The United States and Canada cooperatively share management of the Columbia River under the Columbia River Treaty which entered into force in 1964. Under the Treaty, the river is jointly operated for shared benefits from hydropower and flood control and is the largest producer of hydropower in the western hemisphere. Cooperative management of the Columbia River has led to substantial benefits to both countries including fueling the integration and growth of the Pacific Northwest as an economic region.  Simultaneously, the optimization of river development for two primary purposes and secondary purposes of irrigation and navigation has resulted in the degradation and loss of a broad range of ecosystem services.  Under international law, the U.S. and Canada could have agreed to modify or terminate the Treaty at any time and the Treaty has no fixed term.  The Treaty itself allows either Party to unilaterally terminate the Treaty in 2024 or later provided that it gives at least ten years notice. Neither party has exercised this option. The trigger for review and negotiation is the expiration in 2024 of the high level of assured flood control provided by the Treaty and its replacement by a lower level. The other provisions of the Treaty continue. While the scope of change in the Treaty is small, the scope of changes in the region and globally led to broad review and a call for modernization of the Treaty and the management of the Columbia River.  These changes include: (1) energy markets; (2) climate; (3) the status of Native American tribes and First Nations in the basin in relation to the water resource; (4) demand and legal requirements for public input to natural resource management decisions; and (5) the health of, and public values placed on, the Columbia River ecosystem.  This talk will focus on the history of the Treaty and its future in this unique moment in time that has opened a window of opportunity for rethinking the management, infrastructure and governance of the Columbia River.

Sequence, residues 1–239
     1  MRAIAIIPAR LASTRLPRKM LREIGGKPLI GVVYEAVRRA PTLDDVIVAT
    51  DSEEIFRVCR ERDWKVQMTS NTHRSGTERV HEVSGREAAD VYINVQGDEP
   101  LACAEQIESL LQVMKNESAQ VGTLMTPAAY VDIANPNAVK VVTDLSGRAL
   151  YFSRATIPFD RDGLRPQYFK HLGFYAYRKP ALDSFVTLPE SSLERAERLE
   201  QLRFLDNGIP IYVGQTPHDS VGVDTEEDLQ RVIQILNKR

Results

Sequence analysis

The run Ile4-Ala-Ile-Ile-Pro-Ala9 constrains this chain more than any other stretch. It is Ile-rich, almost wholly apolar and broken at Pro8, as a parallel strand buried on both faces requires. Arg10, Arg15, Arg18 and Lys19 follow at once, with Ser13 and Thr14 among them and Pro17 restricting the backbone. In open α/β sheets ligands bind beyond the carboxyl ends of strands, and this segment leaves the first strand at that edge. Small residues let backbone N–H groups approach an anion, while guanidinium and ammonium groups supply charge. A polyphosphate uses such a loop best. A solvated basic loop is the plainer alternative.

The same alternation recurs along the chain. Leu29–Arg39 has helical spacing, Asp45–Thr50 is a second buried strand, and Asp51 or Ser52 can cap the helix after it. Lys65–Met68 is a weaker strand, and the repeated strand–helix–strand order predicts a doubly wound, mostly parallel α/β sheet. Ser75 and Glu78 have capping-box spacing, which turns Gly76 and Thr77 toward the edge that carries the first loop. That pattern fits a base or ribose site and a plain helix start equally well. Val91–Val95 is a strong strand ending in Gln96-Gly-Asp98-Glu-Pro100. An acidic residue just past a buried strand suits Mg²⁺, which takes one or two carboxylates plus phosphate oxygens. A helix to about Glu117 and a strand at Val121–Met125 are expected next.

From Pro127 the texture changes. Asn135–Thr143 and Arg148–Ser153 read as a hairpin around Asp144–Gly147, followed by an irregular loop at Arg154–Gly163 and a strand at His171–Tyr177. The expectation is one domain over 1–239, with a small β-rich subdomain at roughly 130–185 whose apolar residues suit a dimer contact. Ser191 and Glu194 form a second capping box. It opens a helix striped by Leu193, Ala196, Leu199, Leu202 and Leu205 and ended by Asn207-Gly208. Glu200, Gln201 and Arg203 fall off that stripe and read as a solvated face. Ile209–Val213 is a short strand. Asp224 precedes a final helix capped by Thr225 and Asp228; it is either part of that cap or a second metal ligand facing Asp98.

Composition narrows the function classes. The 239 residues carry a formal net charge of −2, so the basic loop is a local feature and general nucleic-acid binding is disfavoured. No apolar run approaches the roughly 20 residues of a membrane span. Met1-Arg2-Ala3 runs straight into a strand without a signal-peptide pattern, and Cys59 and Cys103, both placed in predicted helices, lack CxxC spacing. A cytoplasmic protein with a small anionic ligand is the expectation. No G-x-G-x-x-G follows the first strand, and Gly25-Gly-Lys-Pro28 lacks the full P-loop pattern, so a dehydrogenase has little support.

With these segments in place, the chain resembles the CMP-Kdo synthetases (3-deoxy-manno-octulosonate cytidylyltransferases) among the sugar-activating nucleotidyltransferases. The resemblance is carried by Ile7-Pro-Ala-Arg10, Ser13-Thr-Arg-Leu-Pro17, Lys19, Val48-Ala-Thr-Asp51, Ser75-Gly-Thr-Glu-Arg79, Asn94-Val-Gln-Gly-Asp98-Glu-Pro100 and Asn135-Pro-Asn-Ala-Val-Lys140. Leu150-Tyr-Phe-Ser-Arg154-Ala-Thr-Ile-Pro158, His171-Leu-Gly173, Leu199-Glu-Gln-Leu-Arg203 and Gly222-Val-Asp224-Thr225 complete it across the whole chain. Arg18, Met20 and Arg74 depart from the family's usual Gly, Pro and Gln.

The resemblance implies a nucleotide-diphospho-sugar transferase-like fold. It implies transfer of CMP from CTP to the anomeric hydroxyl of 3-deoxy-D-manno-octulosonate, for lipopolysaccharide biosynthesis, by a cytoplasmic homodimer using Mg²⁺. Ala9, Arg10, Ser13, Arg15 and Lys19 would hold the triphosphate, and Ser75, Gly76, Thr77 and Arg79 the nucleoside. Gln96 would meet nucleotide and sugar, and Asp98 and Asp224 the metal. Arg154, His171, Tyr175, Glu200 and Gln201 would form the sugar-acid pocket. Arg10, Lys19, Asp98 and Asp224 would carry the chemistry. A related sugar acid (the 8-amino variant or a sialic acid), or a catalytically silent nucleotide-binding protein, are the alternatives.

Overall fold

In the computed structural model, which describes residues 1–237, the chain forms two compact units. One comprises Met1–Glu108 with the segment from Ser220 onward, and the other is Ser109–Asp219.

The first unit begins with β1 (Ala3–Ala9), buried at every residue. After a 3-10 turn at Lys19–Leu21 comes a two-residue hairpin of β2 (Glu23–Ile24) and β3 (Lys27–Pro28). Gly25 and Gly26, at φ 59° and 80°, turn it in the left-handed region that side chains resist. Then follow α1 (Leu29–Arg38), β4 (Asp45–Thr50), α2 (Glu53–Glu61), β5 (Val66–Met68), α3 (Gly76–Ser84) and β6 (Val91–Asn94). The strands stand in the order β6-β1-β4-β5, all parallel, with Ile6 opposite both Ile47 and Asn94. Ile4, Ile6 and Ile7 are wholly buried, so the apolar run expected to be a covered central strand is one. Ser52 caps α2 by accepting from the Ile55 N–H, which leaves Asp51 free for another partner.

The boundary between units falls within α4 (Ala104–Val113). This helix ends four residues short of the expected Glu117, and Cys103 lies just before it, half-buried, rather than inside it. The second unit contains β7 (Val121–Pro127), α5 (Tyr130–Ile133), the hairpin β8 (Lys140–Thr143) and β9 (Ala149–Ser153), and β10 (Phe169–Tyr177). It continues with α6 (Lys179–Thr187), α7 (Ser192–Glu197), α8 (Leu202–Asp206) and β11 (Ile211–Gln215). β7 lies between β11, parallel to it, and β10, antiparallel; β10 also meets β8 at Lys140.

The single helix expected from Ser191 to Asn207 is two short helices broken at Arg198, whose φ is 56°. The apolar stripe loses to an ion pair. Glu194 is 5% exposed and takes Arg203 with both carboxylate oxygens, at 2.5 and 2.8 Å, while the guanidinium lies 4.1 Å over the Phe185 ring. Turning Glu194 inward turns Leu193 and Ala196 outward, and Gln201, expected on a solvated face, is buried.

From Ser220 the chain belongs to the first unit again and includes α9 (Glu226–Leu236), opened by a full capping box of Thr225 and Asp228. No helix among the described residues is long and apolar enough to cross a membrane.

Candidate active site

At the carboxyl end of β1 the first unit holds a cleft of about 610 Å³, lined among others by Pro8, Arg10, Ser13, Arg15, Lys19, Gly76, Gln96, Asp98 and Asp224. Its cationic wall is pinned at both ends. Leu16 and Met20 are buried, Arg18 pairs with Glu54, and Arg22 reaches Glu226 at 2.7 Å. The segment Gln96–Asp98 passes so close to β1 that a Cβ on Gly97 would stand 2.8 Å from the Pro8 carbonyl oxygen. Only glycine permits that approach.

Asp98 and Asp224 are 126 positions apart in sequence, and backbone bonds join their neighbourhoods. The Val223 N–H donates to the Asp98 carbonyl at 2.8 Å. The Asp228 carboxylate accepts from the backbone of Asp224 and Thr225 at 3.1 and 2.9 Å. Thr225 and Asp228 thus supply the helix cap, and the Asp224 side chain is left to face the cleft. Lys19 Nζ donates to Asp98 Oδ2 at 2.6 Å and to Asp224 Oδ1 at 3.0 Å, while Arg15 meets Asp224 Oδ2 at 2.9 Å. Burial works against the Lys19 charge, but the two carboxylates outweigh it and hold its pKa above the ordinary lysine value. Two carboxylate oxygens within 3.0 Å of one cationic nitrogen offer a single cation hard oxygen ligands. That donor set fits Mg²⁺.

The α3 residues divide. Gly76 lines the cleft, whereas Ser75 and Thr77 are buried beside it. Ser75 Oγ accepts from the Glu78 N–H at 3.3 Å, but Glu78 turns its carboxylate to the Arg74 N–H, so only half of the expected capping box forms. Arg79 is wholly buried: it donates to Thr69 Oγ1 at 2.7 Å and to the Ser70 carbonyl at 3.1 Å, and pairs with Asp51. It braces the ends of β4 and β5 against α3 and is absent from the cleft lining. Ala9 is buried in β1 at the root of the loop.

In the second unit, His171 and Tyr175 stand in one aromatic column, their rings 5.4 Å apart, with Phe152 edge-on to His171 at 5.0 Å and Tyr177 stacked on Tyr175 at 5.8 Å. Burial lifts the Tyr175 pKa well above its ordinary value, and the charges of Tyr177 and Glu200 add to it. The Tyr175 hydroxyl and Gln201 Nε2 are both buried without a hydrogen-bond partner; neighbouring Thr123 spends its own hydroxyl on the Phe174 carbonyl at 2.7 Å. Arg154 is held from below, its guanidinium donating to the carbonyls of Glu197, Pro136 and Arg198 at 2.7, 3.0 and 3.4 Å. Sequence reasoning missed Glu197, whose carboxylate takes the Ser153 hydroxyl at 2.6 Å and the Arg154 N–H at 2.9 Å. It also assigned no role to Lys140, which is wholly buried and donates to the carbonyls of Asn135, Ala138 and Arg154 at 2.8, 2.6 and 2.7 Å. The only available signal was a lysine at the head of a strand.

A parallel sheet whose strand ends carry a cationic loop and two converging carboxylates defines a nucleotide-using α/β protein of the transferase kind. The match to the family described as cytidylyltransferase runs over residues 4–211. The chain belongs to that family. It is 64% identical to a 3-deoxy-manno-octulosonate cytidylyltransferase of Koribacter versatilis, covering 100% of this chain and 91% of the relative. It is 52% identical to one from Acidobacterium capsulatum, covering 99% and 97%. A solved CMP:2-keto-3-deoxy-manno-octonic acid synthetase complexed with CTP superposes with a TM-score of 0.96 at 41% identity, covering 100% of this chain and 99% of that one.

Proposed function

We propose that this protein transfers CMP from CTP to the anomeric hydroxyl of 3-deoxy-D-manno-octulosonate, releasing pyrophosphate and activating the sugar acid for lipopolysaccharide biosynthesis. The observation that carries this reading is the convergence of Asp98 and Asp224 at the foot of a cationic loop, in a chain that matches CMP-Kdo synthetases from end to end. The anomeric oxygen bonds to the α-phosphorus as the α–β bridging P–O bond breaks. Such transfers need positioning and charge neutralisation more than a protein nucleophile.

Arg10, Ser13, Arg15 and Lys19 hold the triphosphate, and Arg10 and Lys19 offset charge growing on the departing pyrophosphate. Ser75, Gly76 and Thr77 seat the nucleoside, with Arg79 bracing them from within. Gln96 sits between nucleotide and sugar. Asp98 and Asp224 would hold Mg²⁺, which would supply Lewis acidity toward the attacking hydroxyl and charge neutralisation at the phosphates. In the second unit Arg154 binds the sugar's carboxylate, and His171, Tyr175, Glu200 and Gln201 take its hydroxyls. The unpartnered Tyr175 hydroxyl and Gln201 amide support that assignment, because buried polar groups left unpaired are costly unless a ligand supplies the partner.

Richard Moy

Richard Moy
Abstract & Biography

Biography: